MONSTER KID OF THE YEAR -- ELIOT BRODSKY of Monsterpalooza
THE MONSTER KID HALL OF FAME -- The six latest inductees are: Bill Lemon, Ray Meyers, Dennis Druktenis, Robert "Bob" Carter, Frederick S. Clarke and Bill Warren.

Saturday, April 03, 2010

Rondo Voting Ends at Midnight Tonight

Hey, everyone! Today is the last day for voting in the 8th Annual Rondo Hatton Classic Horror Awards, so get right over to the Rondo website and cast your ballot! Vote for whomever and whatever you like; the important thing is to participate -- but naturally Donna, the Kennel and I would appreciate your votes for VIDEO WATCHDOG and its contributors wherever appropriate.

This blog has been extremely intermittent of late, so I would not feel right about accepting the Best Blog Award. I encourage followers of this blog to consider Pierre Fournier's Frankensteinia blog instead; it is in the truest spirit of these awards and got my vote.

I would also particularly like to remind you of the INFERNO screening at the New Beverly Cinema in Los Angeles, nominated as Best Fan Event. It was a great evening, we had an audience that snaked around the block, and a terrific 30m Q&A with Irene Miracle and Keith Emerson. I'd love for them both to have Rondos of their own!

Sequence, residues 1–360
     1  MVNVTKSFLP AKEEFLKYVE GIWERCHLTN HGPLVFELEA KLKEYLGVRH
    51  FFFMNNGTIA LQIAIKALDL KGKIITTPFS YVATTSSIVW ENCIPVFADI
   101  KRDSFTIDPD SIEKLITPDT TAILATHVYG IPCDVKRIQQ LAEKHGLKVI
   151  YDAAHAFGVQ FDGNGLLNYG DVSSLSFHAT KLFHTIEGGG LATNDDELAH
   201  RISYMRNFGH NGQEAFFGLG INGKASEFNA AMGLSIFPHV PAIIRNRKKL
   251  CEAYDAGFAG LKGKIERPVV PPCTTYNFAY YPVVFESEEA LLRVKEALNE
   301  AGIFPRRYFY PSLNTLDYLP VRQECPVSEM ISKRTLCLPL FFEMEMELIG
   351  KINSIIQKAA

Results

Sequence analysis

Full contents details about our next issue, VIDEO WATCHDOG 156, including free reading samples, are now posted under Coming Soon on our website, or you can find yourself magically transported there by clicking here.

Monday, March 29, 2010

First Look: VIDEO WATCHDOG #156

Cover just completed -- isn't that a beauty? We will be posting full contents details and free samples on the website's Coming Soon page in the days ahead!

Thursday, March 18, 2010

Frankensteinia, Edisonia, Fournieria, Rondomania!

Over at his Frankensteinia blog today, Pierre Fournier observes the centenary of the the Thomas Edison Company's FRANKENSTEIN (1910), featuring Charles Ogle as the Creature. On a more poignant note, this means, in a broader sense, that the Frankenstein movie, as a subgenre, turns 100 today. The mystery critic known as Arbogast on Film has selflessly spearheaded a movement to encourage voters to elect Frankensteinia as Best Blog of the Year in the current Rondo Hatton Classic Horror Awards competition -- and, as much as I think Mr. Arbogast is similarly deserving, I think Pierre's blog cuts more to the quick of Classic Horror, not to mention Monster Kiddom. You could do worse than to vote Pierre Fournier Monster Kid of the Year.
Rondo voting ends in less than two weeks! Visit the Rondo Awards website soon to cast your ballot! And please remember VIDEO WATCHDOG (and Best Fan Event nominee INFERNO Midnight screening) as you make your selections!

Wednesday, March 17, 2010

Farewell to Carol Marsh

I just learned from the Classic Horror Film Boards that CAROL MARSH, the British actress best remembered as Lucy in Hammer's DRACULA (HORROR OF DRACULA, 1958), has passed away at the age of 80. Marsh, who made a wonderful Alice in the 1949 version of ALICE IN WONDERLAND, ironically passed away on March 6, the day after the release of Tim Burton's new version. As memorable as she was in both films, my favorite of her roles may well be her first, as the strangely feral innocent enamored of Richard Attenborough's kid gangster Pinky in BRIGHTON ROCK (1947, pictured).